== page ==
$258 million for malaria treatment, prevention
The Bill & Melinda Gates Foundation is stepping up the fight against malaria with $258.3 million in research grants, the largest amount...
Seattle Times business reporter
The Bill & Melinda Gates Foundation is stepping up the fight against malaria with $258.3 million in research grants, the largest amount going to Seattle-based PATH to develop what could be the world's first malaria vaccine.
The Gates Foundation said Sunday it is funding three major grants to advance efforts to prevent and treat the disease, which kills an estimated 2,000 African children a day.
"For far too long, malaria has been a forgotten epidemic," said Microsoft Chairman Bill Gates, co-founder of the Gates Foundation. He called it "a disgrace that the world has allowed malaria deaths to double in the last 20 years."
The Seattle-based Gates Foundation, the largest philanthropic foundation in the world, will soon outpace the U.S. government in funding for malaria research, contributing one-third of the world's annual budget. Yet that amount, roughly $375 million a year, is just a quarter of the amount that men in wealthy countries spend each year on Viagra, according to The Washington Post.
Over the next five years, the grants will go toward developing a vaccine, new drugs and insecticides to control malaria-carrying mosquitoes.
The largest grant, for $107.6 million, was awarded to the PATH Malaria Vaccine Initiative (MVI) to work with Belgium-based GlaxoSmithKline Biologicals to complete testing and licensing of the most advanced malaria-vaccine candidate.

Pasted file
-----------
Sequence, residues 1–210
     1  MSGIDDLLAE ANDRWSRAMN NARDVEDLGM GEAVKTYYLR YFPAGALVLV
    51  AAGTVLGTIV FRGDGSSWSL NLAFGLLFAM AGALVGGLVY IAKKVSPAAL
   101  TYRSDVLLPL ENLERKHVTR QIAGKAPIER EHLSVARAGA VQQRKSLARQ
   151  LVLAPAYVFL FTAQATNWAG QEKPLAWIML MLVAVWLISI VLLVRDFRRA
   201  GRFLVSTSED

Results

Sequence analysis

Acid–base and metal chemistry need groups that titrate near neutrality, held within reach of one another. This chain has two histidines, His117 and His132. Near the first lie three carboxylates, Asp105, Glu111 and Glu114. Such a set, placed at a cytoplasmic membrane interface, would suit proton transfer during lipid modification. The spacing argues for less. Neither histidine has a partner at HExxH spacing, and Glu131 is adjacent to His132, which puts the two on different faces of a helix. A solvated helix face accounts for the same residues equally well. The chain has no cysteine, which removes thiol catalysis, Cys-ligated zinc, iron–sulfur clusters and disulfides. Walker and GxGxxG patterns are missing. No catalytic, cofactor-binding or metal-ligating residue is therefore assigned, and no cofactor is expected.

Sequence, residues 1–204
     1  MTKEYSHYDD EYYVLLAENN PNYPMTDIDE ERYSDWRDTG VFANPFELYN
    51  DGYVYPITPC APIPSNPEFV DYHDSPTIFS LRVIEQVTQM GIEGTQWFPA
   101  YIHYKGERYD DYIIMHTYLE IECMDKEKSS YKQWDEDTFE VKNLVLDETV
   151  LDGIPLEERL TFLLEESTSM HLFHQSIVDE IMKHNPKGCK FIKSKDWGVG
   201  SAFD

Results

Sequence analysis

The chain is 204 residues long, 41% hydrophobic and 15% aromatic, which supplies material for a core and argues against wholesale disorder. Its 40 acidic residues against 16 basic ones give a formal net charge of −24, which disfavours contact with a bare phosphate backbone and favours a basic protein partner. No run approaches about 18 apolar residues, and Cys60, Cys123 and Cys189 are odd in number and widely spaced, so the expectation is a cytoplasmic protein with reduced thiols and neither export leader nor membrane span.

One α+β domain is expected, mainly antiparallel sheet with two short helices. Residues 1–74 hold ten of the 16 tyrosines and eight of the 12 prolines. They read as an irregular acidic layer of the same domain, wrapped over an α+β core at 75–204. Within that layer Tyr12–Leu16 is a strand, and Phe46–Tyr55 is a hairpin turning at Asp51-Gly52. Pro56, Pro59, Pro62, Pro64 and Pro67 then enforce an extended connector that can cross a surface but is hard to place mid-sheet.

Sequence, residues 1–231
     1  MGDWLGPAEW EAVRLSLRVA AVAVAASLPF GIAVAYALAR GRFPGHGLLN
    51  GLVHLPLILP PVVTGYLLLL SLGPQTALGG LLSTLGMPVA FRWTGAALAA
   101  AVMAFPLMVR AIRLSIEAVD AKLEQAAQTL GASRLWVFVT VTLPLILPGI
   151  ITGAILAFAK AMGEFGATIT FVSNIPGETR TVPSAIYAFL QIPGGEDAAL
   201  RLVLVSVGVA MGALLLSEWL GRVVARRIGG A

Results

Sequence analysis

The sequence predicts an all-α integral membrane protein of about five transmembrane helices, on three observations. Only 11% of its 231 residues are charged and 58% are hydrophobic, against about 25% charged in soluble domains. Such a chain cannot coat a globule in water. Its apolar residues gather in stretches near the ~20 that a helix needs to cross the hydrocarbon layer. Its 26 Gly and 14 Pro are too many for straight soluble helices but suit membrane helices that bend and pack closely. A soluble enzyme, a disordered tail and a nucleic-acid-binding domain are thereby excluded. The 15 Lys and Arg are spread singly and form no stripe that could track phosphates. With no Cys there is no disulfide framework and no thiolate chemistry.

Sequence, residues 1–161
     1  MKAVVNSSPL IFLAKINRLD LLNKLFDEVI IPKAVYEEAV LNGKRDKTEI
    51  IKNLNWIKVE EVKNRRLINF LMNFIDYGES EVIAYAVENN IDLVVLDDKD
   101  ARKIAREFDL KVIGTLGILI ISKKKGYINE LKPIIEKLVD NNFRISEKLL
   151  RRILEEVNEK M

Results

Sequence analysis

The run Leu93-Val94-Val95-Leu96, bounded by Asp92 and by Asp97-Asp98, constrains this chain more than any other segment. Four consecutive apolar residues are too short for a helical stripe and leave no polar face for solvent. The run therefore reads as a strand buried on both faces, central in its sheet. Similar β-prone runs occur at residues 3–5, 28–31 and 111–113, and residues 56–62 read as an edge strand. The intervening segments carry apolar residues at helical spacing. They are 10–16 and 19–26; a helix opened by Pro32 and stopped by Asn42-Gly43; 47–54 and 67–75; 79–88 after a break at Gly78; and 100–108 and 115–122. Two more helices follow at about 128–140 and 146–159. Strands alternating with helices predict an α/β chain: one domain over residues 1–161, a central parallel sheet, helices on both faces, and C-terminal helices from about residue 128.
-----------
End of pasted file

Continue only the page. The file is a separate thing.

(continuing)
PATH, or Program for Appropriate Technology in Health, is an international nonprofit organization focused on health solutions for developing countries.
Dr. Melinda Moree, who directs the malaria initiative at PATH, called the funding "unprecedented." It is PATH's largest grant ever and unusual in that it is directed to one particular project, she said.
"There are a lot of public-private partnerships out there," Moree said. "This is the first one partnering with a large pharmaceutical company to take a product through to licensing and use. It really means we're meeting with success."
Malaria causes more than 1 million deaths worldwide per year, Moree said.
A trial last year in Mozambique found that the vaccine reduced severe malaria by 58 percent in children ages 1 to 4. The new grant will fund two phases of trials in six African countries to test the vaccine in young children and infants to determine if it is safe when given with other childhood vaccines.
The Gates Foundation also awarded $100 million to the Geneva-based Medicines for Malaria Venture to work with public and private partners to accelerate development of several promising new drugs.
It also gave $50.7 million to the Innovative Vector Control Consortium (IVCC), led by the Liverpool School of Tropical Medicine, to develop improved insecticides and other mosquito-control methods.
Kristi Heim: 206-464-2718 or firstname.lastname@example.org
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